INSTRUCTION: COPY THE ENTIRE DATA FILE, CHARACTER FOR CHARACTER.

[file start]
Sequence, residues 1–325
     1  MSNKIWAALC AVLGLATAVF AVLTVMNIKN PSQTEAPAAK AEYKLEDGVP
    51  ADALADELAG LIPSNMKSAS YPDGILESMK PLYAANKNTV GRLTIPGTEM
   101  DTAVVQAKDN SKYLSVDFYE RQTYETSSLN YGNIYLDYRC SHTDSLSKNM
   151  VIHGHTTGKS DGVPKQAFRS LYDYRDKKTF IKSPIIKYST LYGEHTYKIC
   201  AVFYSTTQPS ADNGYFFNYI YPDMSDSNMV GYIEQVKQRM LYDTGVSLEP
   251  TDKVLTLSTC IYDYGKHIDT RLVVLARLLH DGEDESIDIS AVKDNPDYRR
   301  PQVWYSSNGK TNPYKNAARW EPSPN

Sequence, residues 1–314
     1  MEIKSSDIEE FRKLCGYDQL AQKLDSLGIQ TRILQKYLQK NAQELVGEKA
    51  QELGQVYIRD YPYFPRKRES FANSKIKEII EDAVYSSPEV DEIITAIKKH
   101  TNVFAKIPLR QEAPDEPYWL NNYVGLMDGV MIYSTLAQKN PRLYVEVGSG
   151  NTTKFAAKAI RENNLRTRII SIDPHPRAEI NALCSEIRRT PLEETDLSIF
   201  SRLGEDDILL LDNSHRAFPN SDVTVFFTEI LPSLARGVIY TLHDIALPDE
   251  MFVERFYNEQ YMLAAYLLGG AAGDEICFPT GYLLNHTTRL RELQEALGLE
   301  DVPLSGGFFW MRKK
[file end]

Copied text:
Sequence, residues 1–325
     1  MSNKIWAALC AVLGLATAVF AVLTVMNIKN PSQTEAPAAK AEYKLEDGVP
    51  ADALADELAG LIPSNMKSAS YPDGILESMK PLYAANKNTV GRLTIPGTEM
   101  DTAVVQAKDN SKYLSVDFYE RQTYETSSLN YGNIYLDYRC SHTDSLSKNM
   151  VIHGHTTGKS DGVPKQAFRS LYDYRDKKTF IKSPIIKYST LYGEHTYKIC
   201  AVFYSTTQPS ADNGYFFNYI YPDMSDSNMV GYIEQVKQRM LYDTGVSLEP
   251  TDKVLTLSTC IYDYGKHIDT RLVVLARLLH DGEDESIDIS AVKDNPDYRR
   301  PQVWYSSNGK TNPYKNAARW EPSPN

Sequence, residues 1–314
     1  MEIKSSDIEE FRKLCGYDQL AQKLDSLGIQ TRILQKYLQK NAQELVGEKA
    51  QELGQVYIRD YPYFPRKRES FANSKIKEII EDAVYSSPEV DEIITAIKKH
   101  TNVFAKIPLR QEAPDEPYWL NNYVGLMDGV MIYSTLAQKN PRLYVEVGSG
   151  NTTKFAAKAI RENNLRTRII SIDPHPRAEI NALCSEIRRT PLEETDLSIF
   201  SRLGEDDILL LDNSHRAFPN SDVTVFFTEI LPSLARGVIY TLHDIALPDE
   251  MFVERFYNEQ YMLAAYLLGG AAGDEICFPT GYLLNHTTRL RELQEALGLE
   301  DVPLSGGFFW MRKK